overloading(Although I do know Sun team claims that
    they don't want to unify primary type and class type).
    I disagree -- I find generics quite useful.

    I also find it strange that you seem to be in support of operator overloading, since they can be abused much worse than static imports. In my opinion, operator overloading is wonderful for some tasks and awful for most others.

    Darron
  • 843793
    843793 Member Posts: 41,732 Green Ribbon
    I agree that the advantages of these new features do not justify the language complexity imposed by them, especially generics. Having used generics in C++ and templates in Ada, I have had extensive experience with similar language features since 1983. The concept of generics is a siren's song that will overly complicate the language and its library without adding much value. It wasn't a new concept at all when they tried to add it to C++, and look at what turned out. What makes the Java community think that it can do any better?

    Sun lets Java developers vote for up to three of their favorite "Request for Enhancements," but they don't allow developers to vote AGAINST such requests. I would have gladly used one of my votes in this case to offset someone else's vote. Also, I conjecture that most of those who voted for it do not realize the implications that a change of this magnitude will add to the language. If you think that the addition of generics is a good thing, then read some of the posts in the following forum before you reply. You'll see a lot of original supporters complaining. In particular, Sun has decreed that "When 1.5 is released, code compiled with generics enabled will require a 1.5 VM to run." That is, you won't be able to use generics for things like applets unless you are using them on a company intranet and can require everyone to upgrade their runtime to version 1.5.

    http://forum.java.sun.com/thread.jsp?forum=316&thread=362755
  • 843793
    843793 Member Posts: 41,732 Green Ribbon
    Correction to my previous post: Ada calls it "generics"; C++ calls it "templates." Of course I knew that since I have had several years experience with both languages and have taught them both in training courses and in academia. I simply reworded a statement and did not proof read it carefully.
  • 843793
    843793 Member Posts: 41,732 Green Ribbon
    "In particular, Sun has decreed that "When 1.5 is released, code compiled with generics enabled will require a 1.5 VM to run." That is, you won't be able to use generics for things like applets unless you are using them on a company intranet and can require everyone to upgrade their runtime to version 1.5."

    Sun has not "decreed" anything or changed the design of Java generics in any way. They simply made the decision that code compiled with javac using the -source 1.5 switch will require a 1.5 JRE to run the generated bytecode. You are free as always to use another Java compiler if you do not like how javac is implemented.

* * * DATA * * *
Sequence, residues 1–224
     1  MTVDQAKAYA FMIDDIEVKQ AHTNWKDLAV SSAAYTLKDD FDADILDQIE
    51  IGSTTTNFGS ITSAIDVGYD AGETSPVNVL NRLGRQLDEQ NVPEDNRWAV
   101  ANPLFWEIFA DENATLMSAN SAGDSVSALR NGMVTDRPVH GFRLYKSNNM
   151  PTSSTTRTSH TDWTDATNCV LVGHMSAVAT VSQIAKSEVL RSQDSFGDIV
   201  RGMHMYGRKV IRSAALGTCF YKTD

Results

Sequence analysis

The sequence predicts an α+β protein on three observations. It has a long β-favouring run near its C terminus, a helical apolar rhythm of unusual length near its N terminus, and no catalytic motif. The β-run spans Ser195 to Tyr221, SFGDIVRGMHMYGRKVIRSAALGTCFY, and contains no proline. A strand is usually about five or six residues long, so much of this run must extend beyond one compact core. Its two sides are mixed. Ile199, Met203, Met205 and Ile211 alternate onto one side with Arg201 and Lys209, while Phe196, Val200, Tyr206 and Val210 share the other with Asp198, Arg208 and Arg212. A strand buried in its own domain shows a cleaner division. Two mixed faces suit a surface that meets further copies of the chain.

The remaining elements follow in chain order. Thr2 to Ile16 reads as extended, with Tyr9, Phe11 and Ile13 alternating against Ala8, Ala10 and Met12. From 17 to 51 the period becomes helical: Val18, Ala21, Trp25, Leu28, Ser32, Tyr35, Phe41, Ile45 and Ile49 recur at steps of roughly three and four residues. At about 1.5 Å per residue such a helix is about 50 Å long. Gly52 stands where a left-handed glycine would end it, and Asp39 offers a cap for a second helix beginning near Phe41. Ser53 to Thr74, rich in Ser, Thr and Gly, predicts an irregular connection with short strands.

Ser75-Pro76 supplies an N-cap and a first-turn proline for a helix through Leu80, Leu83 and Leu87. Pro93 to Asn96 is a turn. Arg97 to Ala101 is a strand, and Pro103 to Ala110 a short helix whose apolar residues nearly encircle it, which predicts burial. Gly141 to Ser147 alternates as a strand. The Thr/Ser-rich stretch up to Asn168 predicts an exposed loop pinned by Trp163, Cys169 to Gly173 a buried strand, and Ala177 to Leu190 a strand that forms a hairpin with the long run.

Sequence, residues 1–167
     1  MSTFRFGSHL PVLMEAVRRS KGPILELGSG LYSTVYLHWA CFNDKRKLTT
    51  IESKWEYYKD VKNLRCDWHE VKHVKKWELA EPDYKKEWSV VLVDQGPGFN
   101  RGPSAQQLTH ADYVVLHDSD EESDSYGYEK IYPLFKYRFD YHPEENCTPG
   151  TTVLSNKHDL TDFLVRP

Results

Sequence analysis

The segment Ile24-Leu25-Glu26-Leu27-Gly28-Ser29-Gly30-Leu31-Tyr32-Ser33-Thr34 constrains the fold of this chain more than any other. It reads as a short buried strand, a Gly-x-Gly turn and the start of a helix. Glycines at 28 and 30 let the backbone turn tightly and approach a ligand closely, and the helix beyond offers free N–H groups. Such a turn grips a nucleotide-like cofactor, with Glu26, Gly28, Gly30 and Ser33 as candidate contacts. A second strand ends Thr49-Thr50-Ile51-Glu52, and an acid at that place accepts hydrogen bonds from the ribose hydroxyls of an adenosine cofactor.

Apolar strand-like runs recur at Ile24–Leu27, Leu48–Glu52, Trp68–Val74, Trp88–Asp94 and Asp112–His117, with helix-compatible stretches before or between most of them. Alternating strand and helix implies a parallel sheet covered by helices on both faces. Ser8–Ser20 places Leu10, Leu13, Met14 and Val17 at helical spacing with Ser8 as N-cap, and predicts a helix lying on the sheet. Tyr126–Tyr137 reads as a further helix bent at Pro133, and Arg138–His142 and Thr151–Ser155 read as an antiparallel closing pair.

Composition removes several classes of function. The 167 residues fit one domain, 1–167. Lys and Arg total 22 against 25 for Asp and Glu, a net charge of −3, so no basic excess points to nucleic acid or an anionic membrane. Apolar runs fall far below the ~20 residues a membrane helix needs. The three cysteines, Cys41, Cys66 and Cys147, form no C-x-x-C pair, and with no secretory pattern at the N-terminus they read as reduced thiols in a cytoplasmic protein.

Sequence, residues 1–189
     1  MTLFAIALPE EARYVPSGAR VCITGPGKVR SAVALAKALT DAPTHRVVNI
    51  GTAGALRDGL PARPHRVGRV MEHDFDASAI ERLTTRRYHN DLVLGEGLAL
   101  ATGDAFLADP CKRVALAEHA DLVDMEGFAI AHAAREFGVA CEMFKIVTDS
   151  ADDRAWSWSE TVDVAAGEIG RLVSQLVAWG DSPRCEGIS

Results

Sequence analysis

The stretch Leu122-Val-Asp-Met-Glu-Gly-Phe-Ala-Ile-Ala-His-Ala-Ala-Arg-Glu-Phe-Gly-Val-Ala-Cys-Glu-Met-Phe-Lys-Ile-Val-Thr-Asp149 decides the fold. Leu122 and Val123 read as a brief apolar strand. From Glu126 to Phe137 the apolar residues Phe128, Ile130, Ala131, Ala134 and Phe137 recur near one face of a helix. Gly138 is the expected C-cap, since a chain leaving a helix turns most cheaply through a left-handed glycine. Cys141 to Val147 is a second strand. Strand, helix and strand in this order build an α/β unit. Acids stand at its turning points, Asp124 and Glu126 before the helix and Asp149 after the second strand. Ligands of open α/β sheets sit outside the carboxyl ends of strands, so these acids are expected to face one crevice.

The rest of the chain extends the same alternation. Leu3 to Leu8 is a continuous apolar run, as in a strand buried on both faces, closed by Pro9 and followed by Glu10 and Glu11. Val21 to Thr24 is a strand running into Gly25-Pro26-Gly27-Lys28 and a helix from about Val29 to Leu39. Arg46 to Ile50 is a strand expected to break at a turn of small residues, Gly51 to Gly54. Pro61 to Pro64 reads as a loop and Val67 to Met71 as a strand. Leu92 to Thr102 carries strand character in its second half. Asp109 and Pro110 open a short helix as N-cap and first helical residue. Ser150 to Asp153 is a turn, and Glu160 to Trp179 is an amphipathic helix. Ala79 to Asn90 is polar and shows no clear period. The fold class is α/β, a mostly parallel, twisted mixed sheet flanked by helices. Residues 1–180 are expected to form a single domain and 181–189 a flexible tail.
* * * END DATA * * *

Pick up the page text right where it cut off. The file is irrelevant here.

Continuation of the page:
• 843793
    843793 Member Posts: 41,732 Green Ribbon
    You are free as always to use
    another Java compiler if you do not like how javac is
    implemented.
    Unfortunately, this just isn't true. Yes, you're free to use any compiler you like in that place of javac. But it won't do you much good if the libraries are different. Just like assert and the AssertionError class, the new features in 1.5 are being written to depend on 1.5's library classes - some of which won't be available in previous versions. Mostly this won't be a problem - generics will mostly work fine unless you use reflection. But the compiler is not the only place where compatibility happens.

  • 843793
    843793 Member Posts: 41,732 Green Ribbon
    Why doesn't someone hack Jikes so that it will compile generics to backwards compatible class files?

    Or perhaps even simpler just write some sort of simple script (in perl perhaps) that changes the class file version numbers from Sun's generics compiler. If it is really backwards compatible and you don't use the features that require the new JVM (Reflection on generics) then that should work also.
  • 843793
    843793 Member Posts: 41,732 Green Ribbon
    #define PL/I C++
    #define C Java

    http://www.jargonfile.com/jargon/html/entry/If-you-want-X-you-know-where-to-find-it..html

    There is a legend that Dennis Ritchie, inventor of C, once responded to demands for features resembling those of what at the time was a much more popular language by observing "If you want PL/I, you know where to find it." Ever since, this has been hackish standard form for fending off requests to alter a new design to mimic some older (and, by implication, inferior and baroque) one. The case X = Pascal manifests semi-regularly on Usenet's comp.lang.c newsgroup. Indeed, the case X = X has been reported in discussions of graphics software (see X).